After two years and two weeks of being operational, due to
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ergy-negative mode and consumed the available energy stored in
the batteries to keep operating. Once the batteries were drained,
the satellite did not have enough energy available to be opera-
tional.
SYSTEM ENGINEERING
MODEL PHILOSOPHY
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deliver the satellite on time. On August 2012 the schedule was ac-
celerated by moving the delivery date from May 2013 to January
2013. The decision was a trade-off between engineering risks and
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the risk of components becoming damaged before the launch. In
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reel to turn and break the tether into small pieces, which covered
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solved (solution in Section VIII), in the future, we plan to use a
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(parts of the payload, reaction wheels, thrusters) might not be in-
cluded in all models.
Figure 2.
A composite image showing Estonia, Latvia and a part of Finland taken
on April 23, 2014.
Figure 3.
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The magnetic moment is determined in a laboratory using the engineer-
ing model which did not have electron guns and could be magnetized
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aligned with sides of the satellite.
AUGUST 2015 IEEE A
&
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Slavinskis et al.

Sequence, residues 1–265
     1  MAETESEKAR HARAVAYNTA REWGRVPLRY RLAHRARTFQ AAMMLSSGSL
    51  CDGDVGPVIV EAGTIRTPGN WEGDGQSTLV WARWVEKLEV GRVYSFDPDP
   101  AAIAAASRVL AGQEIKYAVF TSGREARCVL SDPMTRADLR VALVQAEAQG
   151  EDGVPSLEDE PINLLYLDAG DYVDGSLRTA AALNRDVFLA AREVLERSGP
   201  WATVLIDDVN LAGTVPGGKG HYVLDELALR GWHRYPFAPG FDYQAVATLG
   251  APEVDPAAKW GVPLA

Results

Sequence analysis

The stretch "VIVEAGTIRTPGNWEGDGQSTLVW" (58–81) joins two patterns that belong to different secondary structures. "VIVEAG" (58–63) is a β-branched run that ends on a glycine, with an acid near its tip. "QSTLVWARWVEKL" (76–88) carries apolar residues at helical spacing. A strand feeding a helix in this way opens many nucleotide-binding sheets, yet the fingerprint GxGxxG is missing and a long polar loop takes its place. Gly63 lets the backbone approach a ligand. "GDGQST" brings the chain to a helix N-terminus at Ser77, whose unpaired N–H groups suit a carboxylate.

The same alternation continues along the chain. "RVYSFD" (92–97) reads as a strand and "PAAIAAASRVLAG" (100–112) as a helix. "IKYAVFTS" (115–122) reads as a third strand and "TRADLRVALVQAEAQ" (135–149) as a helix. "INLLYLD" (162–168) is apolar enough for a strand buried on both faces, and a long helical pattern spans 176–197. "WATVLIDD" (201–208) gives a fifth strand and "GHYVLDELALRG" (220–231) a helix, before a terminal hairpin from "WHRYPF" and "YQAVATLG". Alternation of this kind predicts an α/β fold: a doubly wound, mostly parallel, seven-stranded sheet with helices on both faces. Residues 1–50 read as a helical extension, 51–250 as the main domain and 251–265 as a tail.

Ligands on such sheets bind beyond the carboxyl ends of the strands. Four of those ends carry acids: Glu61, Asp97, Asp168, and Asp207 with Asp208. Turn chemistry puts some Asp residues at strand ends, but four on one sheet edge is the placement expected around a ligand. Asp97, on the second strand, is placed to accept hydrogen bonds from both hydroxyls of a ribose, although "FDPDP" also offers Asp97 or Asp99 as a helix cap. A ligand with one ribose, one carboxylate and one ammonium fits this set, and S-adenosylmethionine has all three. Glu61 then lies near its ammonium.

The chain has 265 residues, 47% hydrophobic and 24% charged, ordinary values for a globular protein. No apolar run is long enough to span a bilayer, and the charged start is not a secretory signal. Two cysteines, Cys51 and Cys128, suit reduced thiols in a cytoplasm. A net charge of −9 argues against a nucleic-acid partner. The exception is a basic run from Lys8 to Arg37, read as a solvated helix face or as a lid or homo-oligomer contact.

STANDARDIZATION
During ESTCube-1 development, each subsystem team was able
to make design decisions independently. Such approach did not
cause any major problems, but we think that all subsystems should
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development tools where applicable, to allow reusability, to save
development time, and to facilitate mobility of team members be-
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XVHG²RQH IRU FRPSXWDWLRQLQWHQVLYH VXEV\VWHPV DQG DQRWKHU IRU
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STANDARDS AND DOCUMENTATION
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Space Standardization (ECSS) can be used as a best practice, sub-
missive following of the ECSS standards introduces too much
overhead for CubeSat projects which usually use agile develop-
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lite. However, the team must use standards and conventions that
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dards (e.g., [33]) have to be followed by CubeSat teams operating
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suggest using web-based documentation tools and/or versioning
and revision control systems. In that case all members can easily
access the newest version (as well as the history of versions) and
maintaining versions is much easier.
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a functionality to log a static set of housekeeping data, but for
in-orbit debugging, dynamic logging of various parameters was
UHTXLUHGDQGLPSOHPHQWHGLQRQHRIWKHVRIWZDUHXSGDWHV
Interface documents must contain detailed descriptions of
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surement units (radians and degrees) between functions imple-